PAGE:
What to Do If Your Waters Break in Public
A lot of pregnant women worry about where their waters will break and whether they will be embarrassed when it does happen, especially if it is in public.
What does ‘waters breaking’ mean?A growing baby in the womb is housed in a sac filled with fluid during the pregnancy. When the baby is ready to be born, this sac splits and the fluid surrounding the baby leaks out; this is called the ‘waters breaking’.
Can it happen at any time?Your waters can break at any time and you really have no control over the occurrence. Ideally every woman’s waters would break when the baby was exactly at nine months gestation which would give it the best chance of a healthy start in life; however this is not always the case.
Is there much fluid?When a baby has grown in the womb for the whole nine months (or very near), there is usually around 800ml of fluid surrounding the baby which is mostly made up of the baby’s own urine by the end of the pregnancy. This fluid serves as both a protective cushion for the baby and also provides some valuable nutrients and other products that assists in the baby’s development.When the waters break it can come as a big and very noticeable gush, or it can trickle out almost continually depending on the size of the tear in the membrane of the sac.
Does it happen to everyone?Everyone who is expecting a baby will have fluid surrounding the baby and in order for the baby to be born the sac of fluid must rupture to allow for the passage of the child. Most women find that their waters rupture spontaneously as they go into labour or shortly after the pains have started, but for a few they must be broken by the doctor or midwife if they haven’t broken on their own.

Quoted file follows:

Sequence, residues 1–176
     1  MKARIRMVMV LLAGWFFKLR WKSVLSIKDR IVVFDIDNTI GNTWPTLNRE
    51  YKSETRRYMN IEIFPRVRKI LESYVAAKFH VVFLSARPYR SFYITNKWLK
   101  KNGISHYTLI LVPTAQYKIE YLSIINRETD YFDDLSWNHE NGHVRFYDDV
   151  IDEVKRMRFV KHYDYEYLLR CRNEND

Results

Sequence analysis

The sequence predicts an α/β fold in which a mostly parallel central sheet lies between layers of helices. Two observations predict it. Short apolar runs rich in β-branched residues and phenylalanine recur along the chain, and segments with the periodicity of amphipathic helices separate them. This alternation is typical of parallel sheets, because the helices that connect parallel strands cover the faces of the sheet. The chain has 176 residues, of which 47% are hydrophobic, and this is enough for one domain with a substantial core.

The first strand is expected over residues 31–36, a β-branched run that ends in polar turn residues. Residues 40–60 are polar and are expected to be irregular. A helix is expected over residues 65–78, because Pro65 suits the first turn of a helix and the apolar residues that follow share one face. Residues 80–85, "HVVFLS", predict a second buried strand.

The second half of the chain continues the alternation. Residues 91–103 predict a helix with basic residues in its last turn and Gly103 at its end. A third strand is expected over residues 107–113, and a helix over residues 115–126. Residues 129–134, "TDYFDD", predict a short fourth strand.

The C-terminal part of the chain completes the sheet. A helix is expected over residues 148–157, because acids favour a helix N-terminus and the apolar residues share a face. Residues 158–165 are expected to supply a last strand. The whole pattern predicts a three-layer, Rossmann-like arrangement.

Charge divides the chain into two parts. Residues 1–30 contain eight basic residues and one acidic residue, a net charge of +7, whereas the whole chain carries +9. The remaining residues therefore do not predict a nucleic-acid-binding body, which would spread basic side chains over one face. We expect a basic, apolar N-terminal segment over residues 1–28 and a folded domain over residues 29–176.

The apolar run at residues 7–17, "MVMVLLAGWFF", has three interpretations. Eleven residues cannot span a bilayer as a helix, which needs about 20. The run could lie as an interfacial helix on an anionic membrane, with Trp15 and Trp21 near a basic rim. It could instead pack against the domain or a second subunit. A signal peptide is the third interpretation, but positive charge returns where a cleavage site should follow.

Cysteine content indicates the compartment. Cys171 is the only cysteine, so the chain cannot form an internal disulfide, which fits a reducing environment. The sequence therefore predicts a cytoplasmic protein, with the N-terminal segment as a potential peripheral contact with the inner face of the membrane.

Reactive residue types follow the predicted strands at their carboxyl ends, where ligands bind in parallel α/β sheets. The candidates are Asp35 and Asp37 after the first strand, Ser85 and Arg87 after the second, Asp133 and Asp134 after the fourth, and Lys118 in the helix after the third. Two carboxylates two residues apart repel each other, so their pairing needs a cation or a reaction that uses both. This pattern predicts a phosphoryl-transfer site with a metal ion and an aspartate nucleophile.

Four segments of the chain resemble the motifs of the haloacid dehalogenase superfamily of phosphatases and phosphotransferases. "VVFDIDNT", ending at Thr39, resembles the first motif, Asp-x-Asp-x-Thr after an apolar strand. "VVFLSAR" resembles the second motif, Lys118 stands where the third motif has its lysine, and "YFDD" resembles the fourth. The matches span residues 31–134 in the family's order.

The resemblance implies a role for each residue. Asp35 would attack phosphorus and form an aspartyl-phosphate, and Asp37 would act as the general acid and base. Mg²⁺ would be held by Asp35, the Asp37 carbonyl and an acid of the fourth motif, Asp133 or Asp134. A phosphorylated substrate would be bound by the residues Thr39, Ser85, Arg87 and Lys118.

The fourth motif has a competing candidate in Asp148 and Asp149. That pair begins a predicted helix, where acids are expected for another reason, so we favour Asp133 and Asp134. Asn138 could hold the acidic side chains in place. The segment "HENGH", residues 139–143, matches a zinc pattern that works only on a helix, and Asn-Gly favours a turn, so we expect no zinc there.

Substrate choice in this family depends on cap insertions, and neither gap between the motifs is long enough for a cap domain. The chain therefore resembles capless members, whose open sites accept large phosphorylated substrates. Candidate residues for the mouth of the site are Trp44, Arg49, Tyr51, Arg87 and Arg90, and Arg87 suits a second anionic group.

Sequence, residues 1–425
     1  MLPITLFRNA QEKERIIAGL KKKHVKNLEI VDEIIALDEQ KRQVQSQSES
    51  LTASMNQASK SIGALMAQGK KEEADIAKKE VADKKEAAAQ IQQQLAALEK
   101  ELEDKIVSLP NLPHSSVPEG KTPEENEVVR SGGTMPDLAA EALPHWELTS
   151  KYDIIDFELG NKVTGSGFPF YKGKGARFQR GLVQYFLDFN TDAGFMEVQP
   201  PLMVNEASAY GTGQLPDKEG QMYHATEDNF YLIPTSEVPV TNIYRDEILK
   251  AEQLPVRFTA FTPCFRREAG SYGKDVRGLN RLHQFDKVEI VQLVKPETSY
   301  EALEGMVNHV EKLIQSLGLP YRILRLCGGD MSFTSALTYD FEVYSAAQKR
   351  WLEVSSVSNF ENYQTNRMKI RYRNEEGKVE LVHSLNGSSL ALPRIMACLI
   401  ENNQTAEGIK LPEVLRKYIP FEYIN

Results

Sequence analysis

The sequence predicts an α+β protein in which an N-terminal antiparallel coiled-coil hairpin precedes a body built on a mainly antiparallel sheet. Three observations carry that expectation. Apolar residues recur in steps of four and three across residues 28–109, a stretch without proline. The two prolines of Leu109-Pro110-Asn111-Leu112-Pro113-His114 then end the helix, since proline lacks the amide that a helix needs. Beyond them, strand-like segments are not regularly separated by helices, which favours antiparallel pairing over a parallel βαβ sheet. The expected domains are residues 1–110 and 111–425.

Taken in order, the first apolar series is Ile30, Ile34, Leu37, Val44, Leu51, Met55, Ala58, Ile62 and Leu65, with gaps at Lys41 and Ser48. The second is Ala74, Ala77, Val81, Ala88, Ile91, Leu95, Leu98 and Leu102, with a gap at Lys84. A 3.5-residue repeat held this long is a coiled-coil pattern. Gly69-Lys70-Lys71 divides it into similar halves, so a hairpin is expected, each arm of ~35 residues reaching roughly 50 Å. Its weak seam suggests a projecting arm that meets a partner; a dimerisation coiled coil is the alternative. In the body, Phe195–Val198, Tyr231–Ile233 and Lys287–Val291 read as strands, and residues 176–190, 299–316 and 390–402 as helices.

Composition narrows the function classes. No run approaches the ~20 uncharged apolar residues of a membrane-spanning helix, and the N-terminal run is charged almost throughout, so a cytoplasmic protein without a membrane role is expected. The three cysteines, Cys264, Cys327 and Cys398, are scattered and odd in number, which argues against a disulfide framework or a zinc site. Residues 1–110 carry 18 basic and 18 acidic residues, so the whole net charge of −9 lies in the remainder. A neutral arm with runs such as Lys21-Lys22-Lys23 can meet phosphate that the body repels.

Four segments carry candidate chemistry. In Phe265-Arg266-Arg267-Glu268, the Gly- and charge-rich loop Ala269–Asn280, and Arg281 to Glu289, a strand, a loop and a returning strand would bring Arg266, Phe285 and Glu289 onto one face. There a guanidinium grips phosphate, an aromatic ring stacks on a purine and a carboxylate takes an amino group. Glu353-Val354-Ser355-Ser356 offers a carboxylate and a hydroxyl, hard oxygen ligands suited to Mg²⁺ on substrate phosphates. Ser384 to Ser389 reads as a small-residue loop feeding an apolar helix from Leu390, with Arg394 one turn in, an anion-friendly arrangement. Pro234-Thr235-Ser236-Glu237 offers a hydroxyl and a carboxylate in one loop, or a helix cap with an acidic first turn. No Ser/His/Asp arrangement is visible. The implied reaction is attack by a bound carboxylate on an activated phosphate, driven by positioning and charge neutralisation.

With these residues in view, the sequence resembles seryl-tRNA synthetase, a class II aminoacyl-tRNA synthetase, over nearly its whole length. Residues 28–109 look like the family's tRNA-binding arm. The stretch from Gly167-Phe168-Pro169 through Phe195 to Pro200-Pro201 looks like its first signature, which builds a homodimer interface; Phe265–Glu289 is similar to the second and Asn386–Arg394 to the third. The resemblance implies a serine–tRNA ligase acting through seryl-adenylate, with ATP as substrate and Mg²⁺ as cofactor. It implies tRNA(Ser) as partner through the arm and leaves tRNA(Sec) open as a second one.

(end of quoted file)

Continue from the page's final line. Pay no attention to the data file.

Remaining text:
This is done by placing a very small hook through the cervix (which has dilated enough to allow for the hook to pass so minimal discomfort is felt). The hook catches the membranes and causes a hole which allows the fluid out.
The labour should then progress and the baby is born shortly afterwards.
There are a few women however who will be told that their waters have broken very early and the small trickles of fluids that the woman thought was bladder leakage was actually the amniotic fluid. If labour has not begun or the pregnancy has not reached full gestation this can pose a few problems. Firstly the baby may not be ready for birth and be too immature to survive without assistance in the outside world and it also increases the likelihood of getting an infection as there is no (or decreased) protective barrier between the outside world and the baby.
If this does occur, the doctors and midwife will assess your condition individually and treat accordingly depending on your circumstances.
How to minimise embarrassment if they break in publicFor most women, the experience of the waters breaking cannot be controlled however there may be certain things you can do to lessen the embarrassment. When you reach around 37 weeks try and remember to wear a sanitary pad as this may help if your waters break but only start with a trickle. Do not use tampons as this increases the risk of infection. Carrying a small towel with you may also be useful especially if your waters break and you need to get into a car or a taxi and do not want to wet the seats!
If however, your waters break in a gush, there may not be much you can do to avoid feeling slightly conscious about it if you are in public; fortunately, the public is very supportive of pregnant women and will not be embarrassed or uncomfortable if it does happen.
Your waters breaking is a good sign of your pregnancy and is often the first sign that your baby is ready to enter the world. Although it can be a little embarrassing, most women don’t think much about this as they are too concerned in having a healthy birthing experience.